Regional Sandwatch Project Workshop, 7-9th July 2003
saving our nation's beaches
by Shirvan Williams
threat to the beaches of T&T is man, said Andy Paul, co-ordinator
of ASPNet, at Mayaro Government Primary School.
caused by man is definitely the greatest threat to our beaches.
Man is destroying his own environment," he said.
He was speaking
to a class of about 40 boys and girls between the ages of eight
and 12, who have decided to dedicate their time to saving the
youths plan to do this through the Sandwatch Project, which began
on July 1.
they plan to monitor the country's beaches, starting with Plaisance
Beach in Mayaro.
"We will do
this in three phases. Phase one is to monitor beach erosion and
beach accretion (growth of the beach by the accumulation of sand
or other material), as well as human acts on the beach and the
amount of debris on the beach.
will be beach beautification, and stage three is collecting all
the data so that it can be assessed by UNESCO, the Government
and any other agency that has an interest in nature," Paul explained.
can also be used by companies that want to build on a particular
beach, he said.
the data that we have collected, we will determine if we are losing
or getting more beach. If someone is building anywhere on the
beachfront, we will be able to tell them whether or not it makes
sense to build," he said.
is the only school in the country carrying out such a project,
Paul said proudly.
Sandwatch, which is being sponsored by UNESCO, it is not the first
time these children are being involved with the environment.
we have been trying to help nature. Since then we had many clean-up
activities in the community," he said.
got its start after an environmental contest was held at the school
and the winners got a trip to Tobago, he disclosed, saying:
the genesis of the whole club. The competition was creative writing,
art and craft about the environment. When the winners went to
Tobago we looked at the Buccoo Reef and what affected the survival
Paul said, the school saw a need for students to focus on environmental
issues and so they joined with the ASPnet.
He plans to
incorporate some of the Sandwatch project into the regular school
curriculum. It helps children to learn, he believes, because of
the amount of practical work.
"We hope to
integrate the project into the regular school curriculum like
maths graphs about what was measured at the beach."
"It is making
science come alive. They use dyes, for example, to help determine
current flow. We teach the children what a beach is and show them
how to test the water quality," he said.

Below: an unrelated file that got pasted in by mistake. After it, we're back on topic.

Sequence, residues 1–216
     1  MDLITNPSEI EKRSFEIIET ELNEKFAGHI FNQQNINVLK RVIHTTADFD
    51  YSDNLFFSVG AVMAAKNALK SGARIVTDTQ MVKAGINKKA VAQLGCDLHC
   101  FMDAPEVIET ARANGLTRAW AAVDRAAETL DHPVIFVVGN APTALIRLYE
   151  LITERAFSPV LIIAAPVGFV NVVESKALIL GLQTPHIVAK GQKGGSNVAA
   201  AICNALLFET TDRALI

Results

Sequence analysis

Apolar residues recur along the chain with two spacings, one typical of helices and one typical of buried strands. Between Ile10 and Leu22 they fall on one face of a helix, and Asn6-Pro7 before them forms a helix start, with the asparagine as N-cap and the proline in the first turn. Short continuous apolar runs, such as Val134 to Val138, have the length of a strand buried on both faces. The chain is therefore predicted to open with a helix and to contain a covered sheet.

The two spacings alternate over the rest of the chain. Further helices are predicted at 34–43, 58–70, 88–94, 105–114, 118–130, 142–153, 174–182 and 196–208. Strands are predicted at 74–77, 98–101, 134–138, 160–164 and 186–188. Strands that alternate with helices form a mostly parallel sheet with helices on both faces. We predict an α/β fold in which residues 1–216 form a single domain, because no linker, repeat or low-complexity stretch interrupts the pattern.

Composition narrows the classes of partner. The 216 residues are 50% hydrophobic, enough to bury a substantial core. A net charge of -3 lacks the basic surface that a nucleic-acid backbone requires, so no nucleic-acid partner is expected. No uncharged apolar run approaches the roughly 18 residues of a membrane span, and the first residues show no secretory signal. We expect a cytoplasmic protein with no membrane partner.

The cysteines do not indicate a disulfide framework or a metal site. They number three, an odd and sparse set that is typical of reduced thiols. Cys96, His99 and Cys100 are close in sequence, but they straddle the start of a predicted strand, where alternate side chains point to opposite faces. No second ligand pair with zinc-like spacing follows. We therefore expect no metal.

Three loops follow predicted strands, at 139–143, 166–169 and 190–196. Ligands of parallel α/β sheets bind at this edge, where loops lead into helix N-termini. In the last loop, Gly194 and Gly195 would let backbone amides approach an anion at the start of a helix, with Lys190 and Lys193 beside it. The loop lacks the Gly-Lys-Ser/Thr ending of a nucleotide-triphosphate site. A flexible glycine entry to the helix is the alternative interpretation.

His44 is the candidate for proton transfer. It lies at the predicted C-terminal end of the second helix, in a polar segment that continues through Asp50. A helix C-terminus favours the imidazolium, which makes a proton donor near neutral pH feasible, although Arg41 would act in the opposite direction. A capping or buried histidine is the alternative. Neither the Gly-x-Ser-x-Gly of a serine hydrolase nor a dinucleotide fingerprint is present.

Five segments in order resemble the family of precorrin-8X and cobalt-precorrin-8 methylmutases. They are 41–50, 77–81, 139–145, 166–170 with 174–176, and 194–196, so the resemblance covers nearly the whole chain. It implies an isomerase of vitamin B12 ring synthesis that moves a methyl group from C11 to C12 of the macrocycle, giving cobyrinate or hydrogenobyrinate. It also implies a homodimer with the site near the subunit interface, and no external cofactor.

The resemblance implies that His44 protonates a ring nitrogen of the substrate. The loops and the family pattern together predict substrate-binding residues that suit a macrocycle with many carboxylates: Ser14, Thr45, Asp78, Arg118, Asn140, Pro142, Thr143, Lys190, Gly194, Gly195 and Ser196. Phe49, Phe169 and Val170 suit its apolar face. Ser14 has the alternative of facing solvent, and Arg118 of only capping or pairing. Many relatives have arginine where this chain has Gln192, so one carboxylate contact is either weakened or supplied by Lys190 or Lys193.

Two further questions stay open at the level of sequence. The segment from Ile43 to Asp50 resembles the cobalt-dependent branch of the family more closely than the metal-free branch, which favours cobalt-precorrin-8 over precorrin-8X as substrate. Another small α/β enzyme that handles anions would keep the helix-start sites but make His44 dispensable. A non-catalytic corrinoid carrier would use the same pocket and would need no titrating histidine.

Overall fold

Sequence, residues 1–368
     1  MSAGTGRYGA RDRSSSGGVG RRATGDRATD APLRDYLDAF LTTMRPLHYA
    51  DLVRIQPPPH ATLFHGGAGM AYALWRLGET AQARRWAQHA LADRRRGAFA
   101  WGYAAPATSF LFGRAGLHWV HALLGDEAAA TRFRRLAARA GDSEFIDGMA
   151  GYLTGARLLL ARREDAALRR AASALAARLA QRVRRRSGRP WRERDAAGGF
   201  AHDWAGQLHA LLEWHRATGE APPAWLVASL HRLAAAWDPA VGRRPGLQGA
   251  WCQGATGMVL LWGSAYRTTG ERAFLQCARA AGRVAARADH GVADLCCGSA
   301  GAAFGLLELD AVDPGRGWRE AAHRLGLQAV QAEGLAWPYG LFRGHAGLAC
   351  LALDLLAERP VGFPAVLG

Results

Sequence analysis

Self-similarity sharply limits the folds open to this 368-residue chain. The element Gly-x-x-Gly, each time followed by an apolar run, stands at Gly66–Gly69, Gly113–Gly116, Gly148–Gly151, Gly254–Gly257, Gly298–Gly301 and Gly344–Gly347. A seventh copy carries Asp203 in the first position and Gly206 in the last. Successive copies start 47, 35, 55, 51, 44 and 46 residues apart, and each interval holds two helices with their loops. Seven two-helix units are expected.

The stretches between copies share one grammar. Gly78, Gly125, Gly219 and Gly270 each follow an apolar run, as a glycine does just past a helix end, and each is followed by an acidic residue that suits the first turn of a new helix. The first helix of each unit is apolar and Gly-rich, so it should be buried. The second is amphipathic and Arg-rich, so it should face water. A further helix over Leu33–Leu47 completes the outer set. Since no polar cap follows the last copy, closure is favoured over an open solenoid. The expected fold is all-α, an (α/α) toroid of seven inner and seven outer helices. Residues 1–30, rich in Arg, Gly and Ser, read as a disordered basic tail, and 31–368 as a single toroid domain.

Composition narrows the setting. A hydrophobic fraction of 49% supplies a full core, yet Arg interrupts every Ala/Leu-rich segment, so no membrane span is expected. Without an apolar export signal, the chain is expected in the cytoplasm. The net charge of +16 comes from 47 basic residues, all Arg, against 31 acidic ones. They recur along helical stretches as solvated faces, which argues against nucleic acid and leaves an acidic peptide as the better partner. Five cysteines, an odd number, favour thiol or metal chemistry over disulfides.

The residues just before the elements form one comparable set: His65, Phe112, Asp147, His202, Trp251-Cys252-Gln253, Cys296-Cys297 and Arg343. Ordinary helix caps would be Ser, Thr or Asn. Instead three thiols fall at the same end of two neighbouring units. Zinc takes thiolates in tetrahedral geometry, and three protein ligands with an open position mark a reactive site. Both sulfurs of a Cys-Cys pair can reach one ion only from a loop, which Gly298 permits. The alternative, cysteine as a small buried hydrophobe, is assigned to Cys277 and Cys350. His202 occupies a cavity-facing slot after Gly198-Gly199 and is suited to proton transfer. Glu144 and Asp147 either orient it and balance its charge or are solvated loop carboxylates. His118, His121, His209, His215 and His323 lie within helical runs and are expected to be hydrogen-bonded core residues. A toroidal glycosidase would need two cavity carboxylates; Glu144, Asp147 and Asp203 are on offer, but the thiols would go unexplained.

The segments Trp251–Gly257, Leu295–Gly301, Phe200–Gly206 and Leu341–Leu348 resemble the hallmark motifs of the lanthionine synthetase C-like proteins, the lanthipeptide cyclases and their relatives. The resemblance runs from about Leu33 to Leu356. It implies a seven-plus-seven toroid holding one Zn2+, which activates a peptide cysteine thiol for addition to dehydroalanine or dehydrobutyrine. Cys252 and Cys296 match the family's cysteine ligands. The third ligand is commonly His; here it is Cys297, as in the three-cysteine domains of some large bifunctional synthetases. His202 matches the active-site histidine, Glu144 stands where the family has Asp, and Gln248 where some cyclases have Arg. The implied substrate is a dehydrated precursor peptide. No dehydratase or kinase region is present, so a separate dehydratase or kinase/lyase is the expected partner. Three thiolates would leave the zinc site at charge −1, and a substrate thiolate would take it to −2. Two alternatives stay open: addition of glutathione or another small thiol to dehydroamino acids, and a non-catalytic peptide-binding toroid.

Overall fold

participants will also learn to take care of the beaches, he added.
will teach the children through practical learning to put things
in place to protect the beach. The ultimate hope is that these
children will recognise the need to protect the environment."
to, he thinks, because Government is not doing enough.
"Look at all
our beach fronts. Everybody doing what they want. That is the
problem in most Caribbean countries. There are no facilities on
the beach and the beaches are so dirty."
says the Ministry of Education is not as involved as it should
"We are pleading
with the government for greater support and more so the Ministry
of Education.We are of the view that the ministry doesn't really
understand the nature of the Sandwatch programme. We need equipment
like more computers to store our information. When we collect
our data we have to e-mail the information up to UNESCO. Right
now we have two computers at the school that are always occupied."
This is only
one of the group's many needs.
"We need an
Abney level, which is used to measure the gradient of the beach.
All the equipment we have, we had to beg for," he said.
Two of the
children involved also shared their view about the Sandwatch project.
of the group, 10-year-old Saleem Ali, said: "People pollute the
beaches and this is not good for tourists from other countries
who come to visit. Their country is clean, maybe, and they will
feel to go home when they find the place is dirty.
"I like the
Sandwatch project because it helps to keep the beach clean."
secretary, 11-year-old Sade Forgnie , said she enjoys the project
because she gets a chance to help clean up the beaches.
"I like to
help clean the beachfront. We have already learned to measure
the level of the water and current flow.
"It is a good
way to experience different places in the Caribbean," she said.
Guardian, 4th August 2003